If the deal is approved, Sinclair will reach 72 percent of American households, in an era where "the most important force shaping public opinion continues to be local, over-the-air television,” Andrew Jay Schwartzman, a senior attorney at Georgetown’s Communications and Technology Law Clinic, told Mother Jones.
Sinclair already has played ball with Trump: During the 2016 campaign, in exchange for access, Sinclair stations, many in swing states, broadcast Trump interviews without commentary, Jared Kushner told business executives in December 2016.
Celebrate the facts!
Today is International Fact-Checking Day, and in honor of the day, Poynter is launching a website with a lesson plan, tip sheets and other resources to help people learn basic fact-checking skills.
The International Fact-Checking Network, which is based at the Poynter Institute, coordinates the day worldwide and is also instrumental in helping create the special content that’s available to enlighten the public and highlight the benefits of fact-checking. You can read more about the day and the team behind it in this article.
Here are some of the highlights:
Our lesson plan for high school students is here.
You can find various articles and tip sheets here
A cartoon for kids in English, French and Portuguese is here.
A reading list is here.
Help spread the word by tweeting with #FactCheckIt today.
FLEEING TRUMP: Unfit for office. Generally dishonest. Racist. Those are the views of President Trump by a majority of Americans 15-34 years old polled by the AP and MTV. Many have increased their diet of political news and have expressed eagerness to vote in November. “He doesn’t seem to be really for women. He doesn’t seem to be for Black Lives Matter. He doesn’t seem to be for DACA,” the AP quoted Meghan Carnes, 23, of New York as saying, referring to a program to allow young immigrants to stay in this country. “He doesn’t seem to be for the kids worried about guns. It’s extremely disappointing to have a president who doesn’t seem to care.”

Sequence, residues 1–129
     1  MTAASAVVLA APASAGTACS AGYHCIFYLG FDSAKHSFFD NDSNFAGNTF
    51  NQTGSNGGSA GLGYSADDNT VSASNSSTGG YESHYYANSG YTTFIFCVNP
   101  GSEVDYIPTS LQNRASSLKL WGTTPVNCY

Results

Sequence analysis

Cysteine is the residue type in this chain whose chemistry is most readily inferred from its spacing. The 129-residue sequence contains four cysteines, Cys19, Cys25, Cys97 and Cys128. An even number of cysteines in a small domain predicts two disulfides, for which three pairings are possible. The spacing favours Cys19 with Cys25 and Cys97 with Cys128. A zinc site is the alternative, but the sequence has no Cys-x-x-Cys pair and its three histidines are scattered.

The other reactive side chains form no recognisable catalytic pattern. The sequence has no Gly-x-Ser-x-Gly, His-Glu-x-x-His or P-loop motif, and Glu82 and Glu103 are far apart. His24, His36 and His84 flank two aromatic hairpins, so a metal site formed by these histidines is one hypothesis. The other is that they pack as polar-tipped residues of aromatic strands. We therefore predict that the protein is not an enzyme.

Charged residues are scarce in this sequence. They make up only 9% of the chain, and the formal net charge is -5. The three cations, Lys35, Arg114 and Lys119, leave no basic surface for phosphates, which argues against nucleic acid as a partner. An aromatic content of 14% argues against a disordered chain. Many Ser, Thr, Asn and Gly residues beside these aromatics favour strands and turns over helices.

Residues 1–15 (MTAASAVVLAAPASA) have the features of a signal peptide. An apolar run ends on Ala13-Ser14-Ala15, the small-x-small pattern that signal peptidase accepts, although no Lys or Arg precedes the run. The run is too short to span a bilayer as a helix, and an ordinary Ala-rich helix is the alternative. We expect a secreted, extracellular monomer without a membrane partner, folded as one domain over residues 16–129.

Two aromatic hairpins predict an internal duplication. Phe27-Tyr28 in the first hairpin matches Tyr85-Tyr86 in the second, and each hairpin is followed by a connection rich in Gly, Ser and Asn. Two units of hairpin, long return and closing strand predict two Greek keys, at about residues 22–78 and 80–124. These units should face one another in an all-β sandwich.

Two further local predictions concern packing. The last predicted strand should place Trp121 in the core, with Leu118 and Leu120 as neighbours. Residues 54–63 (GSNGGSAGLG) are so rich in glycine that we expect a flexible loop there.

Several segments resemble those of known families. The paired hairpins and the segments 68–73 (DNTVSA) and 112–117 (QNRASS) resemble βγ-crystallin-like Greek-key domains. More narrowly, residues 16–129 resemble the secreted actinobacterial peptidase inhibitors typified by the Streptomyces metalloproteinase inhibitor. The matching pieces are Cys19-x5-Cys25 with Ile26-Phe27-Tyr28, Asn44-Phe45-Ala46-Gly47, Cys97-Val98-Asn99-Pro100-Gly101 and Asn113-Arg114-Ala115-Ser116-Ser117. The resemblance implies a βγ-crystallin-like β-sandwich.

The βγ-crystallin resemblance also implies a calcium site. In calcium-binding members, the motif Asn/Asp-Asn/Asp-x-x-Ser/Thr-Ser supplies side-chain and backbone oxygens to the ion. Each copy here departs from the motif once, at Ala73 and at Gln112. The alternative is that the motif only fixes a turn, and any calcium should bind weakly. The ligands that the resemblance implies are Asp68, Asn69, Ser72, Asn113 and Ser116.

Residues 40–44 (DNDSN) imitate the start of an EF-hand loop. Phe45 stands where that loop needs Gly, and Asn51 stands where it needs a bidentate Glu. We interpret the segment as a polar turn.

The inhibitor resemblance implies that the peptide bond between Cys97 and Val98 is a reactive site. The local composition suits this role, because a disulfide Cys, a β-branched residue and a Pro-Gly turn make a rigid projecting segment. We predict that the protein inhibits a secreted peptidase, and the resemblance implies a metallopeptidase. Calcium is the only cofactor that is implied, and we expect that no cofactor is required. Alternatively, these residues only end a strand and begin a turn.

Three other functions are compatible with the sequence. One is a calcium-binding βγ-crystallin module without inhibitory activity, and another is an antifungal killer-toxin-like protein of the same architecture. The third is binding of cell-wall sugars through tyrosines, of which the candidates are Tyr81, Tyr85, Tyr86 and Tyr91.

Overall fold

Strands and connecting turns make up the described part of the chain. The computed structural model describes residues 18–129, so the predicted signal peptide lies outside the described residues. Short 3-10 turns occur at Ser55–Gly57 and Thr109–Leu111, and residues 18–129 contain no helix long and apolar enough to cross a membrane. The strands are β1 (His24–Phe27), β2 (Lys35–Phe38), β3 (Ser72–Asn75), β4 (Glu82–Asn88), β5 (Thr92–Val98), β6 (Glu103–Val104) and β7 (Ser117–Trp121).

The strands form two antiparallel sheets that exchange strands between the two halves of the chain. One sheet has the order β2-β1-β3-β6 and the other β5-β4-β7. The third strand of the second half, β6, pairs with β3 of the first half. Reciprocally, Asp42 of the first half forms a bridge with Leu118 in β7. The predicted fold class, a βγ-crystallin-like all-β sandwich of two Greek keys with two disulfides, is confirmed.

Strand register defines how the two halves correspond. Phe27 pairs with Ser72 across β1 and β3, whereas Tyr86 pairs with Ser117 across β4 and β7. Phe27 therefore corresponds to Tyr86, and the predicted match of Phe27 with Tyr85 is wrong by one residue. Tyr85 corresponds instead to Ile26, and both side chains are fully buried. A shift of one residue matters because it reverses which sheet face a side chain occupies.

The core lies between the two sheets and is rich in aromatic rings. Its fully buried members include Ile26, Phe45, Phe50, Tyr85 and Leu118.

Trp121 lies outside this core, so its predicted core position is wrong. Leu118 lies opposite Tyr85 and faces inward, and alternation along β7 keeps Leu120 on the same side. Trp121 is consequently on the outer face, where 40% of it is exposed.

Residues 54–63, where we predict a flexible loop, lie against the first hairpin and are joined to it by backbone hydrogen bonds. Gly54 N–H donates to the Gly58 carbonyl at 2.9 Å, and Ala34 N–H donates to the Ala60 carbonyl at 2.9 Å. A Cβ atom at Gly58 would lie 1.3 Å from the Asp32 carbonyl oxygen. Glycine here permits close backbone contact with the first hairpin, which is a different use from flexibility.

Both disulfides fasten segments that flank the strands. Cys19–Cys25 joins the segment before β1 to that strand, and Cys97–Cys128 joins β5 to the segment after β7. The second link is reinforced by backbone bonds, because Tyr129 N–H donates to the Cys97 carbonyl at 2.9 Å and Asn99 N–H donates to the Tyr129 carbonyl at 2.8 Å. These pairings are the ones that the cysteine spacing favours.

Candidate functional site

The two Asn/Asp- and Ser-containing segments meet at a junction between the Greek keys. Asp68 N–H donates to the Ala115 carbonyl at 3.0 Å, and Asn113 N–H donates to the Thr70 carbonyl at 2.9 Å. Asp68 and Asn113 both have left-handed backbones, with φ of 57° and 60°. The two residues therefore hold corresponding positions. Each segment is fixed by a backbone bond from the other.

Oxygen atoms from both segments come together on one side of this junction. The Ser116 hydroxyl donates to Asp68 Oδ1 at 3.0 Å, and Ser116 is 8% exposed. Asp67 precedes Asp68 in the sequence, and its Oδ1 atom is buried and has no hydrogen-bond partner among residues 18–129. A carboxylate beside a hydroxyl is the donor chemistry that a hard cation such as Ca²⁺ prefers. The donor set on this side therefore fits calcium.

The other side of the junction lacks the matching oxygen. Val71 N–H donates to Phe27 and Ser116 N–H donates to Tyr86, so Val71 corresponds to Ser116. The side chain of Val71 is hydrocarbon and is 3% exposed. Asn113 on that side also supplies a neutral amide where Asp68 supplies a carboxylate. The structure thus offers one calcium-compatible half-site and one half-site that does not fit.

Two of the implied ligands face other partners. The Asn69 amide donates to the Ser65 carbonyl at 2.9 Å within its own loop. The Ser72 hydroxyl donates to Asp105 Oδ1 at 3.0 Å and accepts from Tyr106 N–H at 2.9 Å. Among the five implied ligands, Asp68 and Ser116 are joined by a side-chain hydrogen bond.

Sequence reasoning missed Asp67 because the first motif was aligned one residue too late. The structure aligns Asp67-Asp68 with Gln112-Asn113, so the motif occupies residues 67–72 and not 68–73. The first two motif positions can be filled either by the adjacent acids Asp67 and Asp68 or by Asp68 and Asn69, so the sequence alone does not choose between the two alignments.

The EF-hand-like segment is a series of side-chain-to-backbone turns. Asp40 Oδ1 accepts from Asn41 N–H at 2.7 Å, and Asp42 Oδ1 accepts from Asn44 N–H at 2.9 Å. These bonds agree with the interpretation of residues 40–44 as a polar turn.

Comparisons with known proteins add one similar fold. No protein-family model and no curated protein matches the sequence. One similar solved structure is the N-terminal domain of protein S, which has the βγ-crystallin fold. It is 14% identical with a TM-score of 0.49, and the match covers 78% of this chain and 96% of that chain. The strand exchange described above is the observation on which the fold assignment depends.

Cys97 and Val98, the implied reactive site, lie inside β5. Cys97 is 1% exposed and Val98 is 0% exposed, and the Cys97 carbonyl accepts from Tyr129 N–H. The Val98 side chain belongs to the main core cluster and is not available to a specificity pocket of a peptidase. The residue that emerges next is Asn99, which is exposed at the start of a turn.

BEHIND THE NEWS: The poll is the first in a series surveying the group of Americans who could make up the biggest chunk of voters in the 2020 presidential elections. “What motivates young Americans, what drives them and what might lead them to vote — or choose not to vote — is what we’re looking to identify,” says David Scott, AP deputy manager for operations.
INQUIRING MINDS WANT TO KNOW: How a tabloid mogul protected Trump and traded on his friendship as he sought Saudi cash.
MORE INQUIRING MINDS WANT TO KNOW: How does anyone buy the fairly ridiculous Trump take on Stormy Daniels (nothing happened, but the hush money, and oh, I didn’t know about THAT.)? Joshua Holland explains.
LOCALIZE THIS: How deportation-happy are judges in your county? This database looks at outcomes on immigrant cases brought before the courts, by county. The lowest percentage of deportations was ordered in Queens County, N.Y.; the highest in Cameron County, Texas. Hat-tip to Gary Price of Library Journal.
WHEN LOCAL GETS BIGGER: With the severe shrinkage of the big city paper, the Fort Collins Coloradan has to think a little more broadly, Nieman Lab’s Christine Schmidt reports.
THE ADULTS IN THE ROOM: They vape. They play drinking games. One leader is a college dropout with arrests for drunken driving and bad checks. Another has arrests for assault, disorderly conduct and fleeing an officer. They vet the Trump administration's appointments, the Washington Post reports.
CAMPAIGN FINANCE NOTE: John and Laura Arnold are billionaires. They’re also putting cash into campaigns of candidates committed to lowering drug prices and to fighting Big Pharma. Rebecca Robbins figures out why.